On January 19th, the Republican-led U.S. House of Representatives passed a bill that would repeal the landmark healthcare reform law. The House voted 245-189 to repeal the law. The House measure will now go to the Senate. The reform bill was passed by Congress last year after a bitter debate. While most Americans know that a healthcare reform bill was passed, few have any idea what all the Act does for them. There has been a great deal of false or simply misleading information put out by opponents of the law. Perhaps the attention on this debate will actually be a good thing. At least it will give proponents of the Act the opportunity to explain what all it really does.
The House Republicans were joined by three Democrats in backing the bill, which also needs Senate passage. Most observers say that is unlikely. Even if the Senate were to pass the measure, President Obama has vowed to veto any effort to repeal the healthcare law, one of his biggest legislative victories. Republican leaders said they were committed to trying to repeal it in order to honor a campaign pledge that helped them win control of the House and gain seats in the Senate in Congressional elections last November.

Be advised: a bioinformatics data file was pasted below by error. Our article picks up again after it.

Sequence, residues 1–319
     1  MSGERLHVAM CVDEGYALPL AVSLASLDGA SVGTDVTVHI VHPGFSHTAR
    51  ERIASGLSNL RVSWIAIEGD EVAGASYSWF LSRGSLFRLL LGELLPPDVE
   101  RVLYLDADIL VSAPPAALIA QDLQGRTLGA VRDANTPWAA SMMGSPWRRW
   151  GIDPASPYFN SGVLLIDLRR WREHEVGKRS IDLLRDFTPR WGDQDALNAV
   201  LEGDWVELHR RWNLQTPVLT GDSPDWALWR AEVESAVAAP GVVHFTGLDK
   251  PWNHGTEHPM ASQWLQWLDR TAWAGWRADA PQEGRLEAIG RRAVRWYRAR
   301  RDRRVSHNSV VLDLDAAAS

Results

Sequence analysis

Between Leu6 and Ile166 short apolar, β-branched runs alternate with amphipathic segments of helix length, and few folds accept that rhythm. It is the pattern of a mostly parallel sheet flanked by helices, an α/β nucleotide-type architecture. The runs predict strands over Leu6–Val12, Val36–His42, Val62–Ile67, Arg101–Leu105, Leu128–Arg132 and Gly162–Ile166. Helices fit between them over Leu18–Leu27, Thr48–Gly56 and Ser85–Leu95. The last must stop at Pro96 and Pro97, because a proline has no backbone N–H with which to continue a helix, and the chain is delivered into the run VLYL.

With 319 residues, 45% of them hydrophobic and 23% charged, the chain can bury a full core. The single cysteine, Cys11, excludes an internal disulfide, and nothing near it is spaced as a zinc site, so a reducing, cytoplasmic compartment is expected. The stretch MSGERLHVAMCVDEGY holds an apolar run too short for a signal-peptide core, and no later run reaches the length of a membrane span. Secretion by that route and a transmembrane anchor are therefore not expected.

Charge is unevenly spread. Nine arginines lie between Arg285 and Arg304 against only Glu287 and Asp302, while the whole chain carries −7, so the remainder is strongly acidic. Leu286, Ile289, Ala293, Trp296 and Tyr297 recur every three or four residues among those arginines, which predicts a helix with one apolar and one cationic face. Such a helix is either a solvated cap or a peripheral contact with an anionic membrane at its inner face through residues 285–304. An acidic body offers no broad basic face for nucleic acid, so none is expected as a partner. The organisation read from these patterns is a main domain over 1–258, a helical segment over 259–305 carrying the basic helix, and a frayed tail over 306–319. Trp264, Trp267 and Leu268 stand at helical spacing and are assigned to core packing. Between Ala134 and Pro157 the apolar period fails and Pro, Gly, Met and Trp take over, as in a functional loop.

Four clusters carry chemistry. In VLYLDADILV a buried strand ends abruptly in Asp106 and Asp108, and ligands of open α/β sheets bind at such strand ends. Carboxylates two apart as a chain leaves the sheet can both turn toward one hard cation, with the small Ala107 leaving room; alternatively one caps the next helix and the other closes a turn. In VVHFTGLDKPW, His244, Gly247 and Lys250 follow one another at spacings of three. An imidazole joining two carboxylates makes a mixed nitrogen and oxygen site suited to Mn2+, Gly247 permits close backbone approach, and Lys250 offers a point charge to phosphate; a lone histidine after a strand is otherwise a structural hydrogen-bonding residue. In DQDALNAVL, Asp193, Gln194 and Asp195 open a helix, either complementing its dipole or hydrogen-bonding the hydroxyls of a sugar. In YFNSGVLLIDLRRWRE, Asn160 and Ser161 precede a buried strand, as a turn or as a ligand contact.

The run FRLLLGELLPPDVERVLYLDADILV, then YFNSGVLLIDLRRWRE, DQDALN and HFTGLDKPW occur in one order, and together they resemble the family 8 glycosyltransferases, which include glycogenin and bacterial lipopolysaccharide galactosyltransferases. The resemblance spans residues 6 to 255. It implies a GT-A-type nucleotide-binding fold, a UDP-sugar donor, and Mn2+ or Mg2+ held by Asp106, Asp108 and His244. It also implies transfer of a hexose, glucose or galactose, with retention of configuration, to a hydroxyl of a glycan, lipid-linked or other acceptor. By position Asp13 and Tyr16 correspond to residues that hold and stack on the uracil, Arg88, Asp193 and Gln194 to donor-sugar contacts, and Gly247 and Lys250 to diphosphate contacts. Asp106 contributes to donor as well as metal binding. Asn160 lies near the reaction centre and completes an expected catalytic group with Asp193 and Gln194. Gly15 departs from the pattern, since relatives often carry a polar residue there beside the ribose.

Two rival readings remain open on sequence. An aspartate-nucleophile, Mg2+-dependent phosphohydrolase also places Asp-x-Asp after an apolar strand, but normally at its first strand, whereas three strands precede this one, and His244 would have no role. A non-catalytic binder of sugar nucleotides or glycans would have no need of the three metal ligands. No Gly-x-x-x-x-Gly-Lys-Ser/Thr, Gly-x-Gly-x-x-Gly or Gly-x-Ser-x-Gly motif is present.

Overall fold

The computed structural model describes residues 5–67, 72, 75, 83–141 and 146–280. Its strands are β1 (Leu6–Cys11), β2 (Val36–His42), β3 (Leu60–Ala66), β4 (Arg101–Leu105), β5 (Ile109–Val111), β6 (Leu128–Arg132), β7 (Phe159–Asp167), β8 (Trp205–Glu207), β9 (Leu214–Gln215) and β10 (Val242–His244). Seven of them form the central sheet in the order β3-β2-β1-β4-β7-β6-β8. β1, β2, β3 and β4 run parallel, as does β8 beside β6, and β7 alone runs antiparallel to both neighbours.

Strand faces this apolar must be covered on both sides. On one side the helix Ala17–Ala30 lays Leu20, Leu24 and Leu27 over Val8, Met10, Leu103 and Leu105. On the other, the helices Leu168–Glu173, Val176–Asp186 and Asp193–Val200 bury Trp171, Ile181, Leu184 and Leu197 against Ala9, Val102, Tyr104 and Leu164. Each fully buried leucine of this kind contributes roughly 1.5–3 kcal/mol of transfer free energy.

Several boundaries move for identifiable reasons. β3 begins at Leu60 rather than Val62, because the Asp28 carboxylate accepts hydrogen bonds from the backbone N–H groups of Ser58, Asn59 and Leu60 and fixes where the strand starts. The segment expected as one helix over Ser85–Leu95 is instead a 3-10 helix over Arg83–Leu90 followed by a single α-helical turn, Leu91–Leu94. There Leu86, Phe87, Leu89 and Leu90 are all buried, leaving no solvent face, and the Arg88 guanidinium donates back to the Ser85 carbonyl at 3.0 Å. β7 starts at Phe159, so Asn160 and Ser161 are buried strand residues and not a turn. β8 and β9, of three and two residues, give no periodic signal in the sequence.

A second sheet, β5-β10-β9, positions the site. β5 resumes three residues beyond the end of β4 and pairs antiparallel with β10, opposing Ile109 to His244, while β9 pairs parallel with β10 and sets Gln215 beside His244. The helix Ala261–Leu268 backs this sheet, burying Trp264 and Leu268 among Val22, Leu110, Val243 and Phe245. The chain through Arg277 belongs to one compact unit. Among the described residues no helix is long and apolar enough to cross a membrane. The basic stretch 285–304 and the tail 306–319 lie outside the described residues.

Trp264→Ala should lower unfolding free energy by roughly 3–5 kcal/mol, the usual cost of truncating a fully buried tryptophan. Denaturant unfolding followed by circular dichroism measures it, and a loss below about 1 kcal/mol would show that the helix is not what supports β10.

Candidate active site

Interestingly, polls show that Americans are evenly split on the healthcare reform law. An ABC News/Washington Post poll found that more Americans now believe it will hurt rather than help the struggling U.S. economy. But the same poll also showed that just 18% favor full repeal of the law. The Republican opposition has skillfully made healthcare reform a referendum on the President.
Republicans say the law saddles businesses with high costs and complicated regulations. Democrats say the law is an historic move to deliver health insurance to more than 30 million people who currently cannot afford it while also lowering medical costs and providing more consumer protections. The law will also bar insurance companies from denying coverage to people with pre-existing health conditions. According to Treasury Secretary Timothy Geithner, repealing the law will damage the economy. He said that things must be done to bolster the recovery, and that “repealing the Affordable Care Act would be a step in the wrong direction.”
Some, but not all, of the provisions in the law have gone into effect. They include allowing young people to stay on their parents’ health insurance until age 26, improving drug savings for the elderly on the government’s Medicare insurance program, and creating temporary high-risk pools to help people with medical conditions obtain health coverage. Other elements such as the creation of insurance exchanges to help individuals and small business compare and purchase plans will not go into effect until 2014.
In addition to what’s going on in Congress, there have been constitutional attacks on the Act in several federal courts. Federal courts have issued differing positions on whether a mandate that Americans purchase health insurance is permissible under the U.S. Constitution. The constitutional question is expected to wind up before the U.S. Supreme Court. In the meanwhile, the media focus will be on the U.S. Senate.
Source: Insurance Journal
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